Seagate copies XL in seeking Ireland move

Computer storage maker Seagate
Technology Inc. is planning to move the place of incorporation of its parent
company from the Cayman Islands to Ireland.

Seagate has been incorporated in
the Cayman Islands since 10 August 2000, but has no employees in Cayman.

Seagate’s physical headquarters is
located in Scotts Valley, CA.

The plans, detailed in a filing
with the US Securities and Exchange Commission, come just a few weeks after a
similar announcement by Bermuda-based insurer XL.

Seagate’s SEC filing echoes the
reasons given for the transaction in XL’s filing with the regulator.

Seagate chairman, president and CEO
Steve Luczo wrote in the proxy statement: “While our tenure [in the Cayman Islands]
has served us and our shareholders well, there are compelling reasons that
support a move to Ireland at this time.”

He cited specifically the “negative
publicity regarding, and criticism of, companies that conduct business in the
US but are domiciled in countries that have low rates of, or no direct taxation
and as a consequence do not have a substantial network of double taxation (or
similar) treaties with the US or with many of the countries where we have
operations.”

Furthermore, Mr. Luczo wrote,
“legislative and regulatory bodies in various jurisdictions, including the US,
have actively considered proposals and/or introduced legislation that, if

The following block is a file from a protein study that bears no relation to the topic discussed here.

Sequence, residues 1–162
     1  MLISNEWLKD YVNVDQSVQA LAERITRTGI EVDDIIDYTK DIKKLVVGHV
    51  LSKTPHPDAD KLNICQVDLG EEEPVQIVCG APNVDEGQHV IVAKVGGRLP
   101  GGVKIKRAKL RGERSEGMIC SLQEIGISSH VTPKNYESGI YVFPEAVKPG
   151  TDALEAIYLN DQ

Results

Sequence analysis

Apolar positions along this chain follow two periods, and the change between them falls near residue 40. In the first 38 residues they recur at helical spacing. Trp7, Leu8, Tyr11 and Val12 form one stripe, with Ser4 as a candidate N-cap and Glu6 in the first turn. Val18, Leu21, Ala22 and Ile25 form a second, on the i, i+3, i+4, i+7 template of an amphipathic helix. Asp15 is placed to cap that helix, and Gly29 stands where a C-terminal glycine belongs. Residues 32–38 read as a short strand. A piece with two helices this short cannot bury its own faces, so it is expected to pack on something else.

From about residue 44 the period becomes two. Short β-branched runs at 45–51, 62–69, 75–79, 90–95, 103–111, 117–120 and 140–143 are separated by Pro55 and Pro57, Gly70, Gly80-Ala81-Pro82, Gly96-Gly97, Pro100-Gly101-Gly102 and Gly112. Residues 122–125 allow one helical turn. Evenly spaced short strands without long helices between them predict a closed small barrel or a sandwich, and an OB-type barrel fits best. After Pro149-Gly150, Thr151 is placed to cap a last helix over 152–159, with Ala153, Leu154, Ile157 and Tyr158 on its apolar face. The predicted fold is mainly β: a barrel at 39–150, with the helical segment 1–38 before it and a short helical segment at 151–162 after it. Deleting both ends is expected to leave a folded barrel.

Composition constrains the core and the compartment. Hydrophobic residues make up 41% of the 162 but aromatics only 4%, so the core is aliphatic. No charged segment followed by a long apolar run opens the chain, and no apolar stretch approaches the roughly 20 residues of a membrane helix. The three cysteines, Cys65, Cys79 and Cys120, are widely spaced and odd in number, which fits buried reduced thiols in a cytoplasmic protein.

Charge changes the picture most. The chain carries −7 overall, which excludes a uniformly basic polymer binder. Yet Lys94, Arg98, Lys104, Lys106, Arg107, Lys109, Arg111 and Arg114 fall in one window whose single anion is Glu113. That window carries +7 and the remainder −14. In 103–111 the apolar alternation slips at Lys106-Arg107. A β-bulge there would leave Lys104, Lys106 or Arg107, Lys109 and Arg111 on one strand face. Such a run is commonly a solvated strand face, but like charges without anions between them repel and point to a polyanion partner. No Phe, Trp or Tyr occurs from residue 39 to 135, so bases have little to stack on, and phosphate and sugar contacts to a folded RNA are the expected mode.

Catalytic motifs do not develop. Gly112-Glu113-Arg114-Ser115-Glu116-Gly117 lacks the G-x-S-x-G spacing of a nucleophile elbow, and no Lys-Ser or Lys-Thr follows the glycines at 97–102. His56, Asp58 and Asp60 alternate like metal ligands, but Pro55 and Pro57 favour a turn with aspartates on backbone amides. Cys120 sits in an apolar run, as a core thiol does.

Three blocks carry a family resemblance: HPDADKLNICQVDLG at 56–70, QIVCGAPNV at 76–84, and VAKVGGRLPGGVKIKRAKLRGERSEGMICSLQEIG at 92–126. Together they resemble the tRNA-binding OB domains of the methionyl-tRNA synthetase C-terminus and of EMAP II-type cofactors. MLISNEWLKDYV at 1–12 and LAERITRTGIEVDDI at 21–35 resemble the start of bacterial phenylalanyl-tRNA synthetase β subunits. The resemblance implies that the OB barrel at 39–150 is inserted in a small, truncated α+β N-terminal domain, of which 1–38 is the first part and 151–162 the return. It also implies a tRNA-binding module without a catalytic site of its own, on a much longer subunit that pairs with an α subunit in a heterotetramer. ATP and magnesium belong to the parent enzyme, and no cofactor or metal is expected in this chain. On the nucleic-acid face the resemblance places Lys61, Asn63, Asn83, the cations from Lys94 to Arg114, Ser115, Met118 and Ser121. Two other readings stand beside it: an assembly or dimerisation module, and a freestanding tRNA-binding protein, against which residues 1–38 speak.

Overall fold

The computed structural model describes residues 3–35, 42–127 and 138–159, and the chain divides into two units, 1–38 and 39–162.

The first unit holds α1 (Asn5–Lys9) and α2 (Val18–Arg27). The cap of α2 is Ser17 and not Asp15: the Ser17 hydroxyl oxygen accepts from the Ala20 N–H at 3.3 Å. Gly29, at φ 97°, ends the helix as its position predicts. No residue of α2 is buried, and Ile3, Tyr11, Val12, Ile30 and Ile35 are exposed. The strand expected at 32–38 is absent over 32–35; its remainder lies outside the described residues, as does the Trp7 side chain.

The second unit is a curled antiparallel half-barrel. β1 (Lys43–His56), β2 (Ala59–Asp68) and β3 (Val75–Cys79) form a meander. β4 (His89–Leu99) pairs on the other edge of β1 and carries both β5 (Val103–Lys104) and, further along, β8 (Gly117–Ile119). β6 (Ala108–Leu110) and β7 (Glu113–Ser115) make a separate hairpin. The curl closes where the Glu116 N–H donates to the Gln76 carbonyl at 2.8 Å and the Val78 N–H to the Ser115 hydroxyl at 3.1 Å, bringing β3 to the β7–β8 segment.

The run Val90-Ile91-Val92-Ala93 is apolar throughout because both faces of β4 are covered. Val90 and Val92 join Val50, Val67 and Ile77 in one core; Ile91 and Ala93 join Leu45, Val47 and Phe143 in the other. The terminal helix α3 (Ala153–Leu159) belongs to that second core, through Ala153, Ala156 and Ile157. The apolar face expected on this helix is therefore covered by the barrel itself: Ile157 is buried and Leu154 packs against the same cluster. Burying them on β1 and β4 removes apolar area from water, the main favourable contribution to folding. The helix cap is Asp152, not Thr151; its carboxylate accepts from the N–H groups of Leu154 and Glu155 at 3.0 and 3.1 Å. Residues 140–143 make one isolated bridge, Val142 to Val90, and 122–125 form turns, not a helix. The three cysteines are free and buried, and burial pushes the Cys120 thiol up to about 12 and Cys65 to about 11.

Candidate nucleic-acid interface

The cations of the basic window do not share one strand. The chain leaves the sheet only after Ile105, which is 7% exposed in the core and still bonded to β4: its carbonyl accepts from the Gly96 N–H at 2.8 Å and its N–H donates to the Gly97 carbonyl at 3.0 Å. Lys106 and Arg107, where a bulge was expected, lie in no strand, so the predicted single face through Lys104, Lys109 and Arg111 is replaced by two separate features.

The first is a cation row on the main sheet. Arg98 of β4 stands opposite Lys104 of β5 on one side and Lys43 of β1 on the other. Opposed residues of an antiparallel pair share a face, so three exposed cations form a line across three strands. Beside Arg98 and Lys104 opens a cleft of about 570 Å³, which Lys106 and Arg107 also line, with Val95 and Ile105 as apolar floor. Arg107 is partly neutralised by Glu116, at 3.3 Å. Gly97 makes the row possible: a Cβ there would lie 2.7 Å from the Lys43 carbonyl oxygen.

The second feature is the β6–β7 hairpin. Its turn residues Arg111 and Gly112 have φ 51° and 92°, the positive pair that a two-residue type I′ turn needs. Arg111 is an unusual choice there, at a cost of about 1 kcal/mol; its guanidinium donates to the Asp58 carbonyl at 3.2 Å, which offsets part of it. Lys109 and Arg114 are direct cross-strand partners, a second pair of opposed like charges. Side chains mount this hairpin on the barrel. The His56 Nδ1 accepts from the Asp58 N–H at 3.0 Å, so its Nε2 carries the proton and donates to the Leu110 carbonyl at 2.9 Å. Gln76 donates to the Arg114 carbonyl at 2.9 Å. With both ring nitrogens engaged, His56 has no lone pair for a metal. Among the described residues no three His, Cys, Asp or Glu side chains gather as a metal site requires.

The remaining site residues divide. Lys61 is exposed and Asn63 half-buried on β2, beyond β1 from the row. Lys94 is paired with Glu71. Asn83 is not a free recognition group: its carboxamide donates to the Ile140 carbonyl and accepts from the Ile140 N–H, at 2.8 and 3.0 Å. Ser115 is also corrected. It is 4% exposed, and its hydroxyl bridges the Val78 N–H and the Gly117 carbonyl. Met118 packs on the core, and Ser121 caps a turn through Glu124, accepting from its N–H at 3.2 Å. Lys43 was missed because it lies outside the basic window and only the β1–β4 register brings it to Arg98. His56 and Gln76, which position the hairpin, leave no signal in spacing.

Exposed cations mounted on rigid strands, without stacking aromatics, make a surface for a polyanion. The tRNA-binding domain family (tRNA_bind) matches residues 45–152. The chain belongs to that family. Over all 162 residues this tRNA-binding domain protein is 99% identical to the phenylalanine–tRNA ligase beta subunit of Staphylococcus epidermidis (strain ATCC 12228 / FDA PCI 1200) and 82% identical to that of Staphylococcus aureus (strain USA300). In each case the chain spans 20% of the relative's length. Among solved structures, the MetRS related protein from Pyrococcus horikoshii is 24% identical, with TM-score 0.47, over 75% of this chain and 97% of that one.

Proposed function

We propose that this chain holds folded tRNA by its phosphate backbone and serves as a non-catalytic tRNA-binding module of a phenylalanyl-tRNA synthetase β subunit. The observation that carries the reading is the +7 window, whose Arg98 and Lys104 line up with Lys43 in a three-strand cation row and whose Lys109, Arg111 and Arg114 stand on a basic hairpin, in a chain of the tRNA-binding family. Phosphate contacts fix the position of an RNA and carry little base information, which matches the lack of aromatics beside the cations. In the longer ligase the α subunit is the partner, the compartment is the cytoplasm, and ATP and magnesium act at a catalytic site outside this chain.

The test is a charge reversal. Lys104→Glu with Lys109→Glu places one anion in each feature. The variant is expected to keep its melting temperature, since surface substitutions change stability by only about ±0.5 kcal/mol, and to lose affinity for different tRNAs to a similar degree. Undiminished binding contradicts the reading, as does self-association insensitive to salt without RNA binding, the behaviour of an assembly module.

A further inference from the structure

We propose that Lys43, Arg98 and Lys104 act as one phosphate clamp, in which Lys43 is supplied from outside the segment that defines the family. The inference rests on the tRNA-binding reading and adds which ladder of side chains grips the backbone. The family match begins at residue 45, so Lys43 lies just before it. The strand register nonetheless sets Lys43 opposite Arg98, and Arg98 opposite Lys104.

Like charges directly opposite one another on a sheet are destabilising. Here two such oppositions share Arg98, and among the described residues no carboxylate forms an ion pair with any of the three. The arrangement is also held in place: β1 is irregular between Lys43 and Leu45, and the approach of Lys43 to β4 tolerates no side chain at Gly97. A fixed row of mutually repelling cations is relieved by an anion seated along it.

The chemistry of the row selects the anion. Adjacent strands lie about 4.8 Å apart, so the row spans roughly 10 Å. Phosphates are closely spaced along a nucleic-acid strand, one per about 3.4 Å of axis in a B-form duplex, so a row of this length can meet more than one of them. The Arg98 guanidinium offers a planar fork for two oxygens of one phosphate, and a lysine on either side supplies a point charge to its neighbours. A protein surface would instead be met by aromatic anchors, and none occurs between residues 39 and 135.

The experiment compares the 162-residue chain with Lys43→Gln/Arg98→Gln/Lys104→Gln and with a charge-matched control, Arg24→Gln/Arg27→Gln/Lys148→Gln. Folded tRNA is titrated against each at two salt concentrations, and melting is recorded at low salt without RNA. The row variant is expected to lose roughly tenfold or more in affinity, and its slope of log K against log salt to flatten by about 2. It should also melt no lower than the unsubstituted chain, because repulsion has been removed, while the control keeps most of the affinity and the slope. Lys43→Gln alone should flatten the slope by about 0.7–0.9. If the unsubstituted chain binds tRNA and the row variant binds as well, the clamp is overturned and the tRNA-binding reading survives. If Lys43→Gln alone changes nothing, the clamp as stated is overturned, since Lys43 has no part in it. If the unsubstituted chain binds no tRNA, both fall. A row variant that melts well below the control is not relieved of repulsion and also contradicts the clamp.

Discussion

enacted, could increase our tax burden if we remained incorporated in the
Cayman Islands.”

XL also named the image of offshore
centres in general and the risk of a potentially higher tax burden, both
locally and internationally, as reasons for seeking a new domicile.

Seagate’s criteria in opting for
Ireland also mirrored those of XL.

The filing lists Ireland’s
political stability as a result of strong international relationships, such as the
country’s EU and OECD membership, a low level of taxation and a large network
of double taxation treaties including the US as well as the shareholder
friendly legal system as main factors for wanting to move the seat of the
group’s parent company to Ireland.

Like for most US companies that are
domiciling or investing in Europe the fact that Ireland is a common law
jurisdiction and the only English-speaking member of the Eurozone was also a
factor, the filing showed.

The move will be subject to
approval by Seagate shareholders and the courts of the Cayman Islands.

Data from the Cayman Islands
company registry indicates that re-domiciling out of Cayman has not yet become
a major trend. In 2009, 71 companies delisted from the register to move their
place of incorporation elsewhere. While the number was slightly higher than the
68 companies in 2008 it was still lower than the 85 companies that left Cayman
in 2007.

However, Seagate is the second
large high-profile company to announce such a move in 2010, blaming the image
of offshore centres.

Meanwhile, new company
registrations have declined significantly in 2009. It cannot be determined
whether the image of and potential legislation against the use of offshore
centres contributed to the decline.

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